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US Iran News: ‘Everything’s fine,’ Trump says after Iran’s attack on U.S. bases in Iraq World News


WASHINGTON: President Donald Trump insisted “Everything is fine!” on Tuesday after Iran fired surface-to-surface missiles at two Iraqi bases housing U.S. troops. He promised to make a statement to the nation wednesday morning about the increasingly precarious situation with Iran.

Trump offered no immediate indication whether he would retaliate, and remained out of sight Tuesday night when news of the missile strikes surfaced.

But he tweeted that a victim and damage assessment was underway. The initial point of view, he said, was “So far, so good!”

Iranian missiles arrived in retaliation for a U.S. drone strike that killed Iranian general Qassim Suleimani. Trump and his advisers are under pressure to reveal more details about the intelligence that led to the U.S. strike.

Trump said Tuesday that his decision saved American lives and that members of Congress will receive a briefing on the reasons for the U.S. attack.

“They were planning something,” he said of the Iranians.

Hours later, Iran retreated, firing missiles at bases housing U.S. troops and warning the United States and its allies in the region not to retaliate. The White House said the president was monitoring the situation closely and consulting with his national security team.

So far, Trump and senior national security officials have justified the airstrike with general statements about the threat published by Soleimani, who commanded proxy forces outside Iran and was responsible for the deaths of U.S. troops in Iraq.

But the details have been scarce.

“He’s no longer a monster. He’s dead,” Trump said. “And that’s a good thing for many countries. He was planning a very big attack and a very bad attack for us and other people and we stopped him and I don’t think anyone can complain about it.”

Suleimani was attacked while at an airport in Baghdad with Abu Mahdi al-Muhandis, a veteran Iraqi militant who was also killed.

Trump said they weren’t in Baghdad to discuss vacation plans or visit a “good resort,” but they were there to talk about “bad business.”

The lack of detail does not agree well with democrats, who recall how President George W. Bush justified his invasion of Iraq by accusing Saddam Hussein of having non-existent weapons of mass destruction. Lawmakers in recent days have been pushing for explaining why Trump ordered the assassination, a decision previous administrations passed because of fears that it would trigger even more violence.

Suleimani traveled frequently and relatively openly, with more frequent visits to Baghdad in recent months. It also often performed in Syria, even along the Iraq-Syria border.

Senate minority leader Chuck Schumer and the sen. Bob Menendez, the top Democrat on the Senate Foreign Relations Committee, has asked Trump to declassify the written notice he sent to Congress after the strike. Notification was required under the War Power Resolution Act of 1973, which requires the president to report to Congress when U.S. forces are sent to hostile situations.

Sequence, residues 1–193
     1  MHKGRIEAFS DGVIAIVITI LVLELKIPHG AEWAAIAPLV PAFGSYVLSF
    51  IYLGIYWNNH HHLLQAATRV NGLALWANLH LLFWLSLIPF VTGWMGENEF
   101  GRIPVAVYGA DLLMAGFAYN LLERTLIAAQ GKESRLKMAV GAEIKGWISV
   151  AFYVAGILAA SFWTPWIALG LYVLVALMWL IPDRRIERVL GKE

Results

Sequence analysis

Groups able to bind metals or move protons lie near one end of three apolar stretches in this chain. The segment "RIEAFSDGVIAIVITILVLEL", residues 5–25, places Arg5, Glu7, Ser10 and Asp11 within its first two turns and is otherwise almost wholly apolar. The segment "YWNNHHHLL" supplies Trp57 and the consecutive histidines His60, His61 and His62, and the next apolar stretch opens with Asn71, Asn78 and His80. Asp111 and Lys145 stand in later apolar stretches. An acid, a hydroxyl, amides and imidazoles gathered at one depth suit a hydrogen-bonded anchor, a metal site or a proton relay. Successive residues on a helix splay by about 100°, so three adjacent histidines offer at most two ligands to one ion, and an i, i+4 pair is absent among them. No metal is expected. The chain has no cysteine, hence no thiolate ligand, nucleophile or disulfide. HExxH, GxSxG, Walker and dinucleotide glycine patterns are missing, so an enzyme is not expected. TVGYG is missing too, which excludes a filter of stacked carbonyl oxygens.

“‘The president must come to Congress and present clear and convincing intelligence as to why the strike against Soleimani was absolutely necessary,” Menendez said in a speech in the Senate. “In the wake of all his misleading statements, we must make it clear to the administration that the president himself does not have the authority to launch a war against Iran.”

Trump stressed that the attack was in retaliation for Iranian attacks and that the United States is prepared to strike again, “very strongly.” He also said that while he eventually wants to get U.S. troops out of Iraq, now is not the time because it would allow Iran to gain a bigger foothold there.

Trump’s top national security officials made several public appearances Tuesday to continue defending the strike.

“We had deep intelligence that there was an active plot to put American lives at risk,” Secretary of State Mike Pompeo said.

When asked if the threat was imminent in days or weeks, Defense Secretary Mark Esper said, “I think it’s fairer to say days, for sure.”

Esper said the intelligence was accurate: “razor thin.” He said the best Republicans and Democrats in the House and Senate, as well as the presidents and vice presidents of the intelligence committees in both chambers, were receiving a classified briefing Tuesday afternoon about what led to the decision to kill Soleimani. He said other lawmakers will be provided with general details about the attack.

He said Soleimani was in Baghdad to coordinate additional attacks against the United States “To suggest in some way that it was not a legitimate target, I think, it is fanciful,” Esper said.

Democratic lawmakers are not yet convinced that it was the right decision.

The sen. Dianne Feinstein, D-Calif., called the U.S. attack on Suleimani a mistake and said, “I still haven’t seen how killing this man will prevent Iran from pose an even greater threat against America and our interests.”

In the wake of the massacre, Iran has announced that it will no longer be bound by the 2015 nuclear deal and has promised to retaliate against the United States, its Allies and U.S. interests. Iraq’s parliament also voted to expel U.S. troops from Iraq, undermining efforts to fight Islamic State militants in the region and strengthen Iran’s influence in the Middle East.

Times of India